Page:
Inside the Loud and Vibrant Set of the New HBO Comedy Hacks


“It’s so cool they let you move into a Cheesecake Factory.” This is what sullen young writer Ava (Hannah Einbinder) snaps to aging comedy legend Deborah Vance (Jean Smart) inside the sitting room of her palatial Las Vegas estate during a disastrous job interview—as seen in the first episode of the sharp new comedy Hacks (which premieres May 13 on HBO Max). Deborah retorts, “Is that where you wait tables? It seems like a better fit!” and the two continue to trade barbs until Deborah hires her. It’s the start of a tentative, albeit fulfilling, friendship.

Hacks production designer Jon Carlos (Westworld) can laugh about that punch line now. But he admits there were “many lengthy conversations” between himself and the show’s creators (Lucia Aniello, Paul W. Downs, and Jen Statsky) about what it represented. “There’s definitely a generational difference in that this 25-year-old is walking into an environment she’s never been akin to,” he says. “But I also wanted to make sure Deborah was never portrayed as tacky. There are loud and vibrant decor punches in the house, but we didn’t want any of the rooms to feel ostentatious or tasteless. It would take away from the gravity and some of the importance of why she is the way she is.”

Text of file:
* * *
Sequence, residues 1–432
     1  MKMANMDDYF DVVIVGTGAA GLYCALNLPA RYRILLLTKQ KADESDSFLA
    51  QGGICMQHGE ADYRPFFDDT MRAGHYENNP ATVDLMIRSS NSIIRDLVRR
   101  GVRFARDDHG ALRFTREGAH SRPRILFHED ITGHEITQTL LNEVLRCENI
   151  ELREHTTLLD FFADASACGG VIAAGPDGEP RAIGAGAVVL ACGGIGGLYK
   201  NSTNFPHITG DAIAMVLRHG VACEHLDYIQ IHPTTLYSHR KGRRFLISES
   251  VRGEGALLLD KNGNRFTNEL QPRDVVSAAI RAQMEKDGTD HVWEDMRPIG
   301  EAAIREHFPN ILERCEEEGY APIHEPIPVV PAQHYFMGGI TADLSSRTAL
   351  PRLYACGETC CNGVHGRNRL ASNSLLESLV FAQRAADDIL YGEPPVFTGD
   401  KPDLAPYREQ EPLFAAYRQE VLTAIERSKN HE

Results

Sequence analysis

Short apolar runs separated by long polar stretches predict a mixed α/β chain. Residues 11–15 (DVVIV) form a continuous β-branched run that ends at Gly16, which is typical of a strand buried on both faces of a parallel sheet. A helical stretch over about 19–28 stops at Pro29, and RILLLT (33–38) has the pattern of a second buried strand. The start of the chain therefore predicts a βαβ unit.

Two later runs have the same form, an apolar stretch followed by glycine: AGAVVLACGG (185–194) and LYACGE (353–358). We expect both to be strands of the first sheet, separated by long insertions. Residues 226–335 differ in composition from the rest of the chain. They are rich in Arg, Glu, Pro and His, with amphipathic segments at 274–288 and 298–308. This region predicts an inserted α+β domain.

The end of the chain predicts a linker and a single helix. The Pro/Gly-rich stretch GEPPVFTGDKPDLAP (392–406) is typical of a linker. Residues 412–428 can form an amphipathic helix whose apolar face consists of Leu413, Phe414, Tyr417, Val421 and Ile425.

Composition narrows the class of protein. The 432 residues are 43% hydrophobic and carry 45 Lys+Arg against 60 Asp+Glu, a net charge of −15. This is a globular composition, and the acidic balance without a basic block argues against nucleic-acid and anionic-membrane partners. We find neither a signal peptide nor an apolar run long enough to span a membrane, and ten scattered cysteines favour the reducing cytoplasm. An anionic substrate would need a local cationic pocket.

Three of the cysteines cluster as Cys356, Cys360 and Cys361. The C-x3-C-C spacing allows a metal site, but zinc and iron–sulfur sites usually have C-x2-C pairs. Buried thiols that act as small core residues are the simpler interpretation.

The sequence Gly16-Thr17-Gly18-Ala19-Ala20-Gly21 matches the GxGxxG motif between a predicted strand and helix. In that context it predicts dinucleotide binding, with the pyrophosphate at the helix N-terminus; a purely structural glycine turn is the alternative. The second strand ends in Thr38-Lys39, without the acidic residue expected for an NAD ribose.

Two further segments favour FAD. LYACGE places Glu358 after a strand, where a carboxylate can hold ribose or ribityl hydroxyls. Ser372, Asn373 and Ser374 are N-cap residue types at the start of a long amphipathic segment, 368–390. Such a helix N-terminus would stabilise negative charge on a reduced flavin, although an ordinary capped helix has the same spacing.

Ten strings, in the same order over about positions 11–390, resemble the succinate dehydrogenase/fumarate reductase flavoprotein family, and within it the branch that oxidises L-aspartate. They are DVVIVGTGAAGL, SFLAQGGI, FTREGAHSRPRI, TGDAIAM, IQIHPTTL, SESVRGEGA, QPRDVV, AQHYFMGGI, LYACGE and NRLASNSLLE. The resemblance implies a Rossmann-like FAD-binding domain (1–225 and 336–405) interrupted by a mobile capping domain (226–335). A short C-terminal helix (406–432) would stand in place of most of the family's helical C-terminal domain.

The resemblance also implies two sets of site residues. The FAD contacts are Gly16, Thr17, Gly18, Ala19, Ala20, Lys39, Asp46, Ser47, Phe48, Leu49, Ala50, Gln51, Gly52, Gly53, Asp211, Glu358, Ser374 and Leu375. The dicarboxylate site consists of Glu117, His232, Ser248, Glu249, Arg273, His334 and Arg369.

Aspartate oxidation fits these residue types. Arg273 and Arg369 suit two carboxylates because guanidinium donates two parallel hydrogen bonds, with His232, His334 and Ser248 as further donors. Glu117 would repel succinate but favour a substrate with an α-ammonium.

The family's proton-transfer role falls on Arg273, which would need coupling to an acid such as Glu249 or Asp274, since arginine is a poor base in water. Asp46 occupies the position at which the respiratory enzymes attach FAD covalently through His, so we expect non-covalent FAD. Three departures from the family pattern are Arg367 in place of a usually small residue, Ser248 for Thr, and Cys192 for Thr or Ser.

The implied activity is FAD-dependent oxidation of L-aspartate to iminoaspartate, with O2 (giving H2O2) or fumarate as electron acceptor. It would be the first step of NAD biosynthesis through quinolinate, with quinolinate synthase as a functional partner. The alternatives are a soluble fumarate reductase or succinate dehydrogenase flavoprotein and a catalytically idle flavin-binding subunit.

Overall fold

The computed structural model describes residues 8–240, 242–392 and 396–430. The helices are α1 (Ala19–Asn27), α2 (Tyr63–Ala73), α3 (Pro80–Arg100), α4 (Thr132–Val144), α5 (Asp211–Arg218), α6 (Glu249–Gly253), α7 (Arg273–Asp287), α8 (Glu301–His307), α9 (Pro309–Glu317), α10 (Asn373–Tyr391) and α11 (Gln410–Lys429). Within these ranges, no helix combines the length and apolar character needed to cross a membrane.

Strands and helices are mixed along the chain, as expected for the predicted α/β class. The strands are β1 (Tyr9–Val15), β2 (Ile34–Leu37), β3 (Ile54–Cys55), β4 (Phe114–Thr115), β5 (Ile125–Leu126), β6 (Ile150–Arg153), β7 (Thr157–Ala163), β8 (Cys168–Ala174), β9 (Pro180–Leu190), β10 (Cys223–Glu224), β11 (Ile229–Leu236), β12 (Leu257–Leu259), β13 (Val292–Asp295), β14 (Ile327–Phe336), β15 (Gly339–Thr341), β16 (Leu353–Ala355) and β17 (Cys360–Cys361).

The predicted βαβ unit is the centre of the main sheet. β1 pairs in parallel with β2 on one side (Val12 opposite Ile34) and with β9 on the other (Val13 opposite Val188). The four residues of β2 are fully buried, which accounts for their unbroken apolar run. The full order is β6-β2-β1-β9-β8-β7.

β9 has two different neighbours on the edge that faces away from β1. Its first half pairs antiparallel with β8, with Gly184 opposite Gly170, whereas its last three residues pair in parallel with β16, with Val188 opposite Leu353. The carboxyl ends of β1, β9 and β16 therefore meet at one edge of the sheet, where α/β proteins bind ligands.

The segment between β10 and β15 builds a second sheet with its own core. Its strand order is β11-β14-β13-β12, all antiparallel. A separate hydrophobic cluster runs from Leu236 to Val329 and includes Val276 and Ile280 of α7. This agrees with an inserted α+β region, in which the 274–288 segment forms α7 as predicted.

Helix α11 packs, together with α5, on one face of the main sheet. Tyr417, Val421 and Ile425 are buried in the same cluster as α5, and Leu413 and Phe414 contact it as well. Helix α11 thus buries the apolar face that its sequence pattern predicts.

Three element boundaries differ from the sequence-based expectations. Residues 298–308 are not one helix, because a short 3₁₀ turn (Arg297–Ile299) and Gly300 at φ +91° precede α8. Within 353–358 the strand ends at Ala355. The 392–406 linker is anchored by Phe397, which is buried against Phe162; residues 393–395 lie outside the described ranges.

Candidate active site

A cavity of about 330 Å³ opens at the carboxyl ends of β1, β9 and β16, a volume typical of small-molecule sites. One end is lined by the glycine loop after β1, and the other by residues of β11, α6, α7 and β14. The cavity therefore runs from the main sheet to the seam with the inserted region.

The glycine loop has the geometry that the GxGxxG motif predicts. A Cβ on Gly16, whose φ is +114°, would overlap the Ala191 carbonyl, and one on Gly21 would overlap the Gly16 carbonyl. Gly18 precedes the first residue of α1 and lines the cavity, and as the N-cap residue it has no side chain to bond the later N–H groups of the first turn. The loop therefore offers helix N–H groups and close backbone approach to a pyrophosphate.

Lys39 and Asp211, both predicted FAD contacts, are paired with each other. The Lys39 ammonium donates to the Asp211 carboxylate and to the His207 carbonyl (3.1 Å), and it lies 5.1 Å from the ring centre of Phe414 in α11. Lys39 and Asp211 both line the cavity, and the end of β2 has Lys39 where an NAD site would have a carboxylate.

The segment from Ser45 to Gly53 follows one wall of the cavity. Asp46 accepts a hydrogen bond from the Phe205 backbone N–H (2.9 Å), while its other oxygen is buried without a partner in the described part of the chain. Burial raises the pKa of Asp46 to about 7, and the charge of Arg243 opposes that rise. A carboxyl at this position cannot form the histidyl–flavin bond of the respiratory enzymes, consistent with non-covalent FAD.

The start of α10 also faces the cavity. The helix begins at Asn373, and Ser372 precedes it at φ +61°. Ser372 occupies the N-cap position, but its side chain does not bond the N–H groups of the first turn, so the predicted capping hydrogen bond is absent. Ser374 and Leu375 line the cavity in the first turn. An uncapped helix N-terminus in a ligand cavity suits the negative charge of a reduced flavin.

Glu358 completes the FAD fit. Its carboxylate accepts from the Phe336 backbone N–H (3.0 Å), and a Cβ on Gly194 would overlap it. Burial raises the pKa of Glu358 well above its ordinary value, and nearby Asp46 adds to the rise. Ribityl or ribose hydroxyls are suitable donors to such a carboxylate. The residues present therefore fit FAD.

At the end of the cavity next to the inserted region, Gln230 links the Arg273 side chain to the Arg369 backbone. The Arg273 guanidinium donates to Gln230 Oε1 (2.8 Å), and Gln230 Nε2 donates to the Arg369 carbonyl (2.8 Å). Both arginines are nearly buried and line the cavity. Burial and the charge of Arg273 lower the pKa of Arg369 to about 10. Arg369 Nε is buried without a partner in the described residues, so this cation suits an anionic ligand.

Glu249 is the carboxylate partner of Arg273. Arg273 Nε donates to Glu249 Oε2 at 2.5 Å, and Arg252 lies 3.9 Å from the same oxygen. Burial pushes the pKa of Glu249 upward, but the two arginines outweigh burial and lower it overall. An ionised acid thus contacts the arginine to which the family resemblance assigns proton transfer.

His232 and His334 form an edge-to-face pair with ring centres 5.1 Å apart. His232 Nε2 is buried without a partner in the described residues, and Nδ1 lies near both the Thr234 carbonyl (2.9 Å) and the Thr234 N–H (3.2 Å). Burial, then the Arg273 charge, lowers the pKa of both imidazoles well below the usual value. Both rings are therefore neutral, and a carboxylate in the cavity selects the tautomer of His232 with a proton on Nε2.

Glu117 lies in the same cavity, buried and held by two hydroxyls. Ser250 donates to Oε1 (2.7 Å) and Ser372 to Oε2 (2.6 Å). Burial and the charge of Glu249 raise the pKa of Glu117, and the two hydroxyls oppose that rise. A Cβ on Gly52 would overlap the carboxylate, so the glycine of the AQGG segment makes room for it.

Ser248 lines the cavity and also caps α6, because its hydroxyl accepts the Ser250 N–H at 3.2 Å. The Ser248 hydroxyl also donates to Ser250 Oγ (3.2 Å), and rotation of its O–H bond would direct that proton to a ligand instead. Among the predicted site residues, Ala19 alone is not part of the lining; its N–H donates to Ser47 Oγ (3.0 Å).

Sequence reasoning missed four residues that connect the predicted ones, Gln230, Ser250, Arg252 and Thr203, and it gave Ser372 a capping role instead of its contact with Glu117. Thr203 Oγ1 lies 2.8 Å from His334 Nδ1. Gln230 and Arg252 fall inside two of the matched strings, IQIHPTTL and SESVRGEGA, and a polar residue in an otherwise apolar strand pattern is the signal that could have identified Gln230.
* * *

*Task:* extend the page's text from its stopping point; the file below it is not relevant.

Deborah Vance (Smart) interviews Ava (Hannah Einbinder) in her sitting room, which is “more formal with less comfortable traditional furniture pieces,” Dorros says. He calls it a “‘come for the party but don’t stay for too long’ moment.”

Instead, he envisioned that the suffer-no-fools character—a mash-up of Joan Rivers, Elaine May, Debbie Reynolds, and Lucille Ball—commissioned a high-end custom L.A. architectural firm such as the Landry Design Group to create her immaculately landscaped 30,000-square-foot French chateau–influenced estate in the Las Vegas desert (where she’s enjoyed a long casino residency). “It’s a hidden oasis with a lush garden in the middle of this tepid climate and barren landscape,” he explains, adding that a private residence in L.A.’s Bel Air neighborhood doubled as the exterior.

For the interiors (constructed on two soundstages in the Paramount Pictures studios), he surmises that Deborah hired a private company and spent five years planning the contemporary-meets-classic look. “But she probably clashed with them,” he says, “and redecorated 90% of it herself based on her multiple trips to Paris.” To wit, Carlos and his team studied the aesthetic inside the United States Embassy in France (designed by a New York architecture firm) for design inspiration. “We used that heavy ornateness of the furniture and curtains as a baseline and then pulled away in terms of material and softer colors,” he explains.

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